A sheer example of Carthaginian treachery in international relations
Kong Qingjiang
People gather in front of the San Francisco Federal Building in California, U.S., to protest against Speaker Nancy Pelosi's visit to China's Taiwan region, August 1, 2022. /CFP

People gather in front of the San Francisco Federal Building in California, U.S., to protest against Speaker Nancy Pelosi's visit to China's Taiwan region, August 1, 2022. /CFP

Editor's note: Kong Qingjiang is the dean of the School of International Law at the China University of Political Science and Law. Zhai Yucheng is an ajunct senior research fellow of the Academy of International Rule of Law at China University of Political Science and Law. The article reflects the authors' opinions, and not necessarily the views of CGTN.

U.S. House Speaker Nancy Pelosi visited Taiwan in disregard of China's strong opposition. This is a blatant violation of the one-China principle enshrined in the Three Communiques between the U.S. and China. Unfortunately, there is a bizarre saying: Pelosi is first of all a representative of the House. 

Based on the U.S. Constitutional principle of separation, the U.S. administration is not in a position to rein in the representative's behavior. So, Pelosi's visit is a "private" one and has nothing to do with the U.S. official stance towards China. Needless to say, such a saying is tantamount to an argument that the U.S. government is not breaching its international obligations. A close look at the Three Communiques will find such a saying does not hold.

The Shanghai Communique of February 28, 1972, the Joint Communique on the Establishment of Diplomatic Relations of 1978, and the Communique of August 17, 1982 on U.S. Arms Sales to Taiwan, of which the one-China principle is its core, laid down the political and legal foundations of Sino-U.S. relations. 

In the above-mentioned communiques, the U.S. side clearly acknowledged that the People's Republic of China as the sole legal government of China. Within this context, the people of the United States will maintain cultural, commercial, and other unofficial relations with the people of Taiwan.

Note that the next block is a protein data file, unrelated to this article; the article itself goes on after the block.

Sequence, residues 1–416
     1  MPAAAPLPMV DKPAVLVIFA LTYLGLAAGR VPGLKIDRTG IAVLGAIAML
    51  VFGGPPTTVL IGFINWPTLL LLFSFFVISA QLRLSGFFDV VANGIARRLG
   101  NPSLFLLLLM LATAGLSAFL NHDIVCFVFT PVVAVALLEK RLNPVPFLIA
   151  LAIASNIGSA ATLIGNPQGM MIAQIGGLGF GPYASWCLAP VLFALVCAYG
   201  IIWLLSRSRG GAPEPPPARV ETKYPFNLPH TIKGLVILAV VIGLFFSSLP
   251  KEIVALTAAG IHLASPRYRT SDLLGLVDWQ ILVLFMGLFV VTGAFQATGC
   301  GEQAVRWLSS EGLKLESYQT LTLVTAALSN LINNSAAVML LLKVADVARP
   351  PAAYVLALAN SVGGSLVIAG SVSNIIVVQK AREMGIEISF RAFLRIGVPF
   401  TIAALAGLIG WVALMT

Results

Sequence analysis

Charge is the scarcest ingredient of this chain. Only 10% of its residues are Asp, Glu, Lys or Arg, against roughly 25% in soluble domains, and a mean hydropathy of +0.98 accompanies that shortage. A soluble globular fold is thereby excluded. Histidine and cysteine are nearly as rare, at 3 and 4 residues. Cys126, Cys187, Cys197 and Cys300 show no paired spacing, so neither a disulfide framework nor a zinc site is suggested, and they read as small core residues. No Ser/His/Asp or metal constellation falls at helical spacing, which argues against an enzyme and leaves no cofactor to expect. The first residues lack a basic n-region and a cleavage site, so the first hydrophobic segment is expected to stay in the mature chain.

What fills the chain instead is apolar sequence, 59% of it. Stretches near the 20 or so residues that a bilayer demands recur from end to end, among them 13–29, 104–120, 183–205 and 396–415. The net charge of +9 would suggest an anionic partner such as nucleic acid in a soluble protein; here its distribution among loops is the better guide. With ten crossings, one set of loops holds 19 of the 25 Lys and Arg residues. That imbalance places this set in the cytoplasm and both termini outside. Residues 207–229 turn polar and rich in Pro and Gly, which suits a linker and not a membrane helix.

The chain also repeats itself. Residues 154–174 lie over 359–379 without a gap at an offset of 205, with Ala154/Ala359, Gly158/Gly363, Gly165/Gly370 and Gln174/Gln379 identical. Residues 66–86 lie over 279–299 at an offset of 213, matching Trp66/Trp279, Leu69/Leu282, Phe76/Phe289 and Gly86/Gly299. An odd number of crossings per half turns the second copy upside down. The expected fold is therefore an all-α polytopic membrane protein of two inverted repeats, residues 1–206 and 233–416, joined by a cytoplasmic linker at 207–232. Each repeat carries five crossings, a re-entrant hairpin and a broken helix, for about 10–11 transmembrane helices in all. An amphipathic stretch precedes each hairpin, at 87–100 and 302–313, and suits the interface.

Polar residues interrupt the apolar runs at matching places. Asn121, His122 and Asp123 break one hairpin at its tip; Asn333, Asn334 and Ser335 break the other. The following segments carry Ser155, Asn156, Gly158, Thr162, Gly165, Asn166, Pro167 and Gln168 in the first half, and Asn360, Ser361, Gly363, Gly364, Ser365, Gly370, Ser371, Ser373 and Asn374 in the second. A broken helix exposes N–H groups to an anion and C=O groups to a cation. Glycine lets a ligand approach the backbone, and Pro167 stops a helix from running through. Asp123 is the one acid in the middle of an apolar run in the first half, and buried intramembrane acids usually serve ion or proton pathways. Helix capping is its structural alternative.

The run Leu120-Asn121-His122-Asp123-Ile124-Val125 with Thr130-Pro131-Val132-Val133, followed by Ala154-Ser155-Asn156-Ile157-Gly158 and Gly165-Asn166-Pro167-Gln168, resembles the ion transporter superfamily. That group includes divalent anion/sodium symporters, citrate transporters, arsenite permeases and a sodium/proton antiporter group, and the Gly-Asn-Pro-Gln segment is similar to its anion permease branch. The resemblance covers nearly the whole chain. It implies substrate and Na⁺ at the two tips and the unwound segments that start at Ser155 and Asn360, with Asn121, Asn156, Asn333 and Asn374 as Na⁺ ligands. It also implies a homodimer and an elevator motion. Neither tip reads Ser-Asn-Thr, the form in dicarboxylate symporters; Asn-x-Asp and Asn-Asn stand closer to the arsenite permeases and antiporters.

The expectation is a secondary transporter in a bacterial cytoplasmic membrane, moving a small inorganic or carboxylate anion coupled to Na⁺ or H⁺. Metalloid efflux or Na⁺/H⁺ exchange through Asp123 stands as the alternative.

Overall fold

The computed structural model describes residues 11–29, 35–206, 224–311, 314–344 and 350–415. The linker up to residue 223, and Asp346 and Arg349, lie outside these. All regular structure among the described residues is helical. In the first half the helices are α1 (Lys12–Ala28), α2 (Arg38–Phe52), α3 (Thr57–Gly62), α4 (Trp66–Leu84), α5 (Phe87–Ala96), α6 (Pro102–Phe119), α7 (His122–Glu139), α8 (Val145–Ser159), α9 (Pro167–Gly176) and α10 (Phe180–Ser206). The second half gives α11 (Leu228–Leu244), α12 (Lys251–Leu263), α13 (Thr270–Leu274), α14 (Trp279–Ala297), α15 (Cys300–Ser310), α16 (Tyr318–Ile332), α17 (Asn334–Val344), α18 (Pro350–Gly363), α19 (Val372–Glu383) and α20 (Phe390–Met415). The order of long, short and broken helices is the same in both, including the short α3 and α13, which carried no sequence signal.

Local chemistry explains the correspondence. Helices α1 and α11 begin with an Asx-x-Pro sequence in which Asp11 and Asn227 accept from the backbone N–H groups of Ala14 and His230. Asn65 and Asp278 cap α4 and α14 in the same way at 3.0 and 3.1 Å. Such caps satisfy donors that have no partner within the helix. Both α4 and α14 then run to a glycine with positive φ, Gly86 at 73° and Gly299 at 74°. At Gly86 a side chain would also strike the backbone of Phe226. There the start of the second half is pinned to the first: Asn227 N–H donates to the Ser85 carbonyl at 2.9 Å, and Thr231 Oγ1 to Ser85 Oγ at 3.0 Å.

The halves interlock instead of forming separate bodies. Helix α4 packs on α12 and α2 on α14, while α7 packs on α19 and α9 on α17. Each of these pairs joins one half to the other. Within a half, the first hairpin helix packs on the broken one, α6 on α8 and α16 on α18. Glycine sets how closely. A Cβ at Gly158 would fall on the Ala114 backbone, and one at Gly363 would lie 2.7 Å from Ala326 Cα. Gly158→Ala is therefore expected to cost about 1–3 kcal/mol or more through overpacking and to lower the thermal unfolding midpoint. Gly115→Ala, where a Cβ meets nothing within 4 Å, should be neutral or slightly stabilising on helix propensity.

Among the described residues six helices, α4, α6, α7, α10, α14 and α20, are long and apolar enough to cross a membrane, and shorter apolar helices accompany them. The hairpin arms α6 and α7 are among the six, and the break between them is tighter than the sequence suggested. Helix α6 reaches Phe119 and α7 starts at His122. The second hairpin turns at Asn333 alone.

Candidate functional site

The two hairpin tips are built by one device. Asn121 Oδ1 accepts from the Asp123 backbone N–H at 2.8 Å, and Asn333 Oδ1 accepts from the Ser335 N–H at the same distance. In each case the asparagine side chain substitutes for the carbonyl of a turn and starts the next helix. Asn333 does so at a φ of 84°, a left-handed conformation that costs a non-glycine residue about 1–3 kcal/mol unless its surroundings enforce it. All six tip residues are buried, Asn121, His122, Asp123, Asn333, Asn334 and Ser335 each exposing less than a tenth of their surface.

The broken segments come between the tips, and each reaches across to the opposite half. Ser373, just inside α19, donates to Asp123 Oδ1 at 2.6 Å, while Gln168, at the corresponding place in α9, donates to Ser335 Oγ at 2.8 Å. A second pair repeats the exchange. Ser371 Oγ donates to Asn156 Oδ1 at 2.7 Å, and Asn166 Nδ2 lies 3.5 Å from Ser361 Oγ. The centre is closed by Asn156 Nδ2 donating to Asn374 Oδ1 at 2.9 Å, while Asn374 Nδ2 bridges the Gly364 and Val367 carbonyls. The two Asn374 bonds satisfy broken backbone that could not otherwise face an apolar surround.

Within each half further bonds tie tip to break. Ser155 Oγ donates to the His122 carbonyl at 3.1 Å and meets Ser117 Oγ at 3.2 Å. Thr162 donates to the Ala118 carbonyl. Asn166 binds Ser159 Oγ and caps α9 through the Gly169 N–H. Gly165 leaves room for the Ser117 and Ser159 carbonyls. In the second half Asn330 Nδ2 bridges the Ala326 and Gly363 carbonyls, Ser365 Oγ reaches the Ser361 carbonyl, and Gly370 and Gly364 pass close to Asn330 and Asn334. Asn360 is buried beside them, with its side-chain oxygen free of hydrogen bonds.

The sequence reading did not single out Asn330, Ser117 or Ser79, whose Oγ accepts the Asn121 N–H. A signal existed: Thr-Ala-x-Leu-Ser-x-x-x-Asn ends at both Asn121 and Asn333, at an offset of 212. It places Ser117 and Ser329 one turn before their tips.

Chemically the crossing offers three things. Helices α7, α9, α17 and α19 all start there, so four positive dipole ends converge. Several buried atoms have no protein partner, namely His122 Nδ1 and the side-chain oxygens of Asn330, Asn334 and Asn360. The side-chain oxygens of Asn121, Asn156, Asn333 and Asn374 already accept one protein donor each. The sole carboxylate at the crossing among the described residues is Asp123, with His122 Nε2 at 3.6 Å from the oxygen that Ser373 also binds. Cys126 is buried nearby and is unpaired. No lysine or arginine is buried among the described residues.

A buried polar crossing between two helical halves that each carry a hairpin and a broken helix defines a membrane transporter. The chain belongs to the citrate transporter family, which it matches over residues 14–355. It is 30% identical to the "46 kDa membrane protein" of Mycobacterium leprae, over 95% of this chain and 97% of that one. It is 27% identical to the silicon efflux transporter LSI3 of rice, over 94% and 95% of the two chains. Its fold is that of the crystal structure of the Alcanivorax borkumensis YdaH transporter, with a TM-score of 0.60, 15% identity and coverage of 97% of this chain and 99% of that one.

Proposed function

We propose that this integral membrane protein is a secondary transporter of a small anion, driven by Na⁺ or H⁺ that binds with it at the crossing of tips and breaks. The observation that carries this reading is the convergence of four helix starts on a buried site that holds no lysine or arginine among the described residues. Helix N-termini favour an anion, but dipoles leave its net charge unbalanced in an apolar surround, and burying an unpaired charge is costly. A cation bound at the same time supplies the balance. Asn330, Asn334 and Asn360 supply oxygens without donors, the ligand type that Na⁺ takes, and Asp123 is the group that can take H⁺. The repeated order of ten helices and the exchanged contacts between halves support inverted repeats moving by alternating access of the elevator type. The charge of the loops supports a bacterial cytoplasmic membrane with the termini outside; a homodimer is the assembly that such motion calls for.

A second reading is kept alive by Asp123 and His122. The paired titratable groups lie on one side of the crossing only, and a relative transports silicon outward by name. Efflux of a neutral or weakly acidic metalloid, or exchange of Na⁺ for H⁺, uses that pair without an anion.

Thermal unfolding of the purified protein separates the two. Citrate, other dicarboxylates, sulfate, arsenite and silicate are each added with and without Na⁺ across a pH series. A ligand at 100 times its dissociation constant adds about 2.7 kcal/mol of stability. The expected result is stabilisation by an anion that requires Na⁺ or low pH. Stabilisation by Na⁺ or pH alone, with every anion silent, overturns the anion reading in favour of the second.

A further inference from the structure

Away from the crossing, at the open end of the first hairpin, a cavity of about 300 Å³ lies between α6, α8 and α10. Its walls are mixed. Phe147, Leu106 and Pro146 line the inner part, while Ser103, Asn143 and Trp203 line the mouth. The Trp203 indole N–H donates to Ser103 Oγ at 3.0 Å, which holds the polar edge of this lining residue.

It further reiterates that it has no intention of infringing on Chinese sovereignty and territorial integrity, or interfering in China's internal affairs, or pursuing a policy of "two Chinas" or "one China, one Taiwan." The commitments are in black and white, leaving no room for ambiguity and brooking no denial.

Unfortunately, almost at the same time that China and the United States formally established diplomatic relations, the U.S. Congress passed the "Taiwan Relations Act." This domestic legislation aims to maintain the "official" and military relations between the United States and Taiwan in a disguised form. The act, which grossly violates the three Sino-U.S. joint communiques and the basic principles of international law, has been used as weapons and tools to interfere in China's internal affairs and obstruct Taiwan's reunification with the Chinese mainland.

Nevertheless, it must be pointed out that the handling of relations between countries must be based on recognized international law and the basic norms of international relations, not domestic law. From the viewpoint of international law, the "Taiwan Relations Act" has no status at all in the U.S. relationship with China.